Emerald Oysters: The Vibrant Delicacy with Rich History and Health Benefits

Haslea ostrearia, a specific phytoplankton found in the ocean currents of South Australia, creates the green colouration of the oysters' gills. This blue diatom produces a blue-green pigment called marennine, named after the Marennes-Oléron region in France, where it was first identified.

Green-gilled oysters, often called “emerald oysters,” present a unique seasonal phenomenon and an excellent opportunity for a TED Talk about their distinct colouration and health benefits. The French have cultivated these oysters for centuries, valuing them as delicacies and paying premium prices for their unique flavour and appearance. These emerald oysters have recently appeared in Franklin Harbour, South Australia, bringing excitement and curiosity among seafood enthusiasts

Pacific Oyster (Crassostrea gigas) when filter feeding Haslea ostrearia – A unique phytoplankton

The Science Behind the Green Gills

Haslea ostrearia, a specific phytoplankton found in the ocean currents of South Australia, creates the green colouration of the oysters’ gills. This blue diatom produces a blue-green pigment called marennine, named after the Marennes-Oléron region in France, where it was first identified. Marennine stains the oyster gills a vibrant turquoise blue-green, as seen in numerous photographs of these oysters. The pigment adds a unique visual appeal and enhances the nutty flavour profile of Franklin Harbour oysters.


Historical and Cultural Significance

Emerald oysters have a rich and fascinating history, with records of their consumption dating back to the 1700s. These oysters were a delicacy and a symbol of French royalty’s refined taste. In France, oyster farmers cultivate these green-gilled oysters in ponds designed to promote the growth of Haslea ostrearia. The presence of this diatom in the water column releases marennine, which the oysters then filter, resulting in the distinctive blue-green colouration of their gills. This practice has led to a higher market value for these oysters, with farmers often earning twice as much for their emerald-coloured products as regular oysters.

Health Benefits of Emerald Oysters

Beyond their aesthetic appeal and rich history, emerald oysters offer many health benefits. Research indicates that the marennine pigment provides antioxidant, antibacterial, and antiviral properties, significantly enhancing the nutritional value of these oysters. These health benefits make emerald oysters a visual and gastronomic delight and a powerful addition to a healthy diet, providing a unique combination of taste and nutrition.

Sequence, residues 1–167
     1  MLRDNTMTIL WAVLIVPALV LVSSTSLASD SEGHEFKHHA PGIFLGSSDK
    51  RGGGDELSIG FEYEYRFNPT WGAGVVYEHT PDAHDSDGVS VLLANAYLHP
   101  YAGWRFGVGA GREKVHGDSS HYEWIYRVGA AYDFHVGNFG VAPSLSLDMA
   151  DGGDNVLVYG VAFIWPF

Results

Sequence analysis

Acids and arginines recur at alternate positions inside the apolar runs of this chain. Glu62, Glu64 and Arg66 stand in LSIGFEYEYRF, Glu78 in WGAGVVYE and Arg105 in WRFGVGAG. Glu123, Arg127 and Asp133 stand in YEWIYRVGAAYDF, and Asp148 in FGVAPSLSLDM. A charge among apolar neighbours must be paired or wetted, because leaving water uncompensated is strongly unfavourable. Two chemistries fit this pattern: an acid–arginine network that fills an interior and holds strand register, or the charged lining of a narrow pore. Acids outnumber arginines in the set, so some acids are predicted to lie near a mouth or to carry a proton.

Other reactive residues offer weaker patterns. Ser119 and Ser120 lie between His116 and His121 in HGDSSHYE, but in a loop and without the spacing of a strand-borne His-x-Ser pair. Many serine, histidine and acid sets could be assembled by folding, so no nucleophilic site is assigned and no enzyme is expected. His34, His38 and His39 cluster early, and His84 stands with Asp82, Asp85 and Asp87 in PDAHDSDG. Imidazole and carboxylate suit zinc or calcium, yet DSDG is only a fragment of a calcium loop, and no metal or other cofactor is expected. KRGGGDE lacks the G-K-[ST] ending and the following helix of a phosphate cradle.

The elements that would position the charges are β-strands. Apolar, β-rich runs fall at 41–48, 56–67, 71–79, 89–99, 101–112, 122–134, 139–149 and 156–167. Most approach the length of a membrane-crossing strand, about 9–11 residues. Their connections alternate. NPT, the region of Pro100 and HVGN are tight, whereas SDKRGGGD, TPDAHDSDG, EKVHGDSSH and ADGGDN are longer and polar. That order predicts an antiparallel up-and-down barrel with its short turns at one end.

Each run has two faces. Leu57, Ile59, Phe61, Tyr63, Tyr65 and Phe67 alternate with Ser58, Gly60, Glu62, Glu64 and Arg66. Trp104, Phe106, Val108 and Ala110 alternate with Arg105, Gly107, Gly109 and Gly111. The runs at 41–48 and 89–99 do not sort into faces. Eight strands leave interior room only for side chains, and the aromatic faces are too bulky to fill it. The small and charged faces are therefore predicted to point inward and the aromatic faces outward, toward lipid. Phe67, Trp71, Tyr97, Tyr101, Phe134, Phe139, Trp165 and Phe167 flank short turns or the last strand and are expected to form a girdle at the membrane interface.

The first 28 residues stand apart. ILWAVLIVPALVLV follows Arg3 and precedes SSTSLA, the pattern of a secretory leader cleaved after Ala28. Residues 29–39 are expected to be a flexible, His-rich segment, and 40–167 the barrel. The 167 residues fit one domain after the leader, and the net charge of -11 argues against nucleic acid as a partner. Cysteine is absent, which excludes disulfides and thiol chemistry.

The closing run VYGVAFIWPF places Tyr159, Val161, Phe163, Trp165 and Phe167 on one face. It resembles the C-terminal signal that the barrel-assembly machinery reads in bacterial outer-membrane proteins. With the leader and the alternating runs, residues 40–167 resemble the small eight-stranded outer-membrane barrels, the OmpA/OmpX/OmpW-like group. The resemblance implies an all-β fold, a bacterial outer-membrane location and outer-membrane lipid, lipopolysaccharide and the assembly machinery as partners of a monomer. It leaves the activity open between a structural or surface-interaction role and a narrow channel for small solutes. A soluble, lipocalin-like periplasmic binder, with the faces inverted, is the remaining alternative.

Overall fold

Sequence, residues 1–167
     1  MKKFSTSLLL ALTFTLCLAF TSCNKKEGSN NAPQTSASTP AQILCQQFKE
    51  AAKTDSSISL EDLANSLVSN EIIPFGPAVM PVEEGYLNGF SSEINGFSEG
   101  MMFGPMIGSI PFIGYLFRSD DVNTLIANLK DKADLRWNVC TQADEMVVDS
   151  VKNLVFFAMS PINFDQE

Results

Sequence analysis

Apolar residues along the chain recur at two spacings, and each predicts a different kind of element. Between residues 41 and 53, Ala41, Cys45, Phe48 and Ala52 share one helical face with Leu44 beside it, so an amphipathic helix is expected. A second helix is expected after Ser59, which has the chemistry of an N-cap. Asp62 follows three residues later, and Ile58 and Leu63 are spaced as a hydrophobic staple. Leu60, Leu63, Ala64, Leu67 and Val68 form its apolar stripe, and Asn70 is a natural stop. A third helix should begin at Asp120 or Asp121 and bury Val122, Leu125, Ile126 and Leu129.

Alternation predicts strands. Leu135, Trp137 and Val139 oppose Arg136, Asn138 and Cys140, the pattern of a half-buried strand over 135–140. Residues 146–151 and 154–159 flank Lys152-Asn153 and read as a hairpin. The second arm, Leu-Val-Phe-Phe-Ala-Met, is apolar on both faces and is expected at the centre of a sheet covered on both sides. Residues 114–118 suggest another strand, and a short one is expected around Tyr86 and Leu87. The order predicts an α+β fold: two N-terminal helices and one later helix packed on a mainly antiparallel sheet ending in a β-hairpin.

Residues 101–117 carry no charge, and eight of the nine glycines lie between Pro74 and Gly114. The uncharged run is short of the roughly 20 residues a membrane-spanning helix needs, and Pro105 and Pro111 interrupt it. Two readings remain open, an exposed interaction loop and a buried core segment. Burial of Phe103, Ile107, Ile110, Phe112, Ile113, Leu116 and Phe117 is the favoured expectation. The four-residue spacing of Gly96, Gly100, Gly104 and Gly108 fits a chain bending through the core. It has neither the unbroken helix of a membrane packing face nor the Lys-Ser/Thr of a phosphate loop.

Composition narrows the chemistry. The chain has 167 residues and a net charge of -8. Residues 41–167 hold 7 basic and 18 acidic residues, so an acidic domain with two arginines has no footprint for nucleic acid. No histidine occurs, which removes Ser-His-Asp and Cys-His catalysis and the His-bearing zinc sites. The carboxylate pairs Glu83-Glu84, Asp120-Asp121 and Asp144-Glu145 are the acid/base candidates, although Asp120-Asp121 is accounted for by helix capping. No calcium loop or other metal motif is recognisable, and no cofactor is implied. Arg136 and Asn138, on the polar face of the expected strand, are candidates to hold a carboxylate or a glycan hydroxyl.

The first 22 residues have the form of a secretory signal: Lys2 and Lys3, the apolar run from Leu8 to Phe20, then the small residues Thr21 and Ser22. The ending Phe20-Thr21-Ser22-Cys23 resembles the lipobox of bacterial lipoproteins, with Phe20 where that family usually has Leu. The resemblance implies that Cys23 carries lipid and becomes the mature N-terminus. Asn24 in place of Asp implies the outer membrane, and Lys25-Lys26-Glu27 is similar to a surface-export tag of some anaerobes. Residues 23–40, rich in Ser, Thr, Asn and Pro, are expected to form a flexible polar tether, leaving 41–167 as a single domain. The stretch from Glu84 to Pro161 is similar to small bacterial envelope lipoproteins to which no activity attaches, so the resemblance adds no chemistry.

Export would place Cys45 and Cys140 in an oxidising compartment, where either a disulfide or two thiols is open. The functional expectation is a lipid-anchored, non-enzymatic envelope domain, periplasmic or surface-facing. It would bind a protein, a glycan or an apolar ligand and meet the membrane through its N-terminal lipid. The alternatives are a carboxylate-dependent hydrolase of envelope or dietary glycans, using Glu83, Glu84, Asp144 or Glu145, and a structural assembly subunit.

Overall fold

Addressing Consumer Concerns

Despite their benefits and unique flavour, many shellfish consumers might initially shy away from green-gilled oysters, fearing that the unusual colouration indicates spoilage or toxicity. Educating consumers about the natural and harmless causes of the green gills is essential. The green hue is purely the result of the oysters’ diet of Haslea ostrearia and is entirely safe for consumption. Raising awareness about emerald oysters’ natural origins and benefits can help dispel myths and encourage more people to enjoy these phytoplankton-supercharged Pacific oysters.


Current Occurrence in Franklin Harbour

The reappearance of emerald oysters in Franklin Harbour is significant for local oyster farmers and seafood lovers. This occurrence offers a unique opportunity to promote these oysters as a premium product and educate the public about their distinct qualities. The natural presence of Haslea ostrearia in the waters of Franklin Harbour has allowed local oysters to develop the same vibrant gills and enhanced flavour celebrated in France for centuries.


With their striking green gills and rich nutty flavour, Emerald oysters represent a fascinating intersection of history, science, and culinary tradition. Consumers can appreciate their natural beauty and health benefits by understanding the role of Haslea ostrearia and the marennine pigment in creating these unique oysters. As these oysters become more prevalent in South Australia, there is a tremendous opportunity to celebrate and promote them as a delicacy with a storied past and a bright future.


Prasetiya, F. S., Safitri, I., Widowati, I., Cognie, B., Decottignies, P., Gastineau, R., Morançais, M., Windarto, E., Tremblay, R., & Mouget, J.-L. (2016). Does allelopathy affect co-culturing Haslea ostrearia with other microalgae relevant to aquaculture? Journal of Applied Phycology.28(4), 2241–2254. https://doi.org/10.1007/s10811-015-0779-y

Prasetiya, F. S., Decottignies, P., Tremblay, R., Mouget, J.-L., Sunarto, S., Iskandar, I., Dhahiyat, Y., & Cognie, B. (2020). Not only greening: The effects of marennine produced by Haslea ostrearia on physiological traits of three bivalve species. Aquaculture Reports.18. https://doi.org/10.1016/j.aqrep.2020.100546

Prasetiya, F. S., Comeau, L. A., Gastineau, R., Decottignies, P., Cognie, B., Morançais, M., Turcotte, F., Mouget, J.-L., & Tremblay, R. (2017). Effect of marennine produced by the blue diatom Haslea ostrearia on behavioral, physiological and biochemical traits of juvenile Mytilus edulis and Crassostrea virginica. Aquaculture467, 138–148. https://doi.org/10.1016/j.aquaculture.2016.08.029

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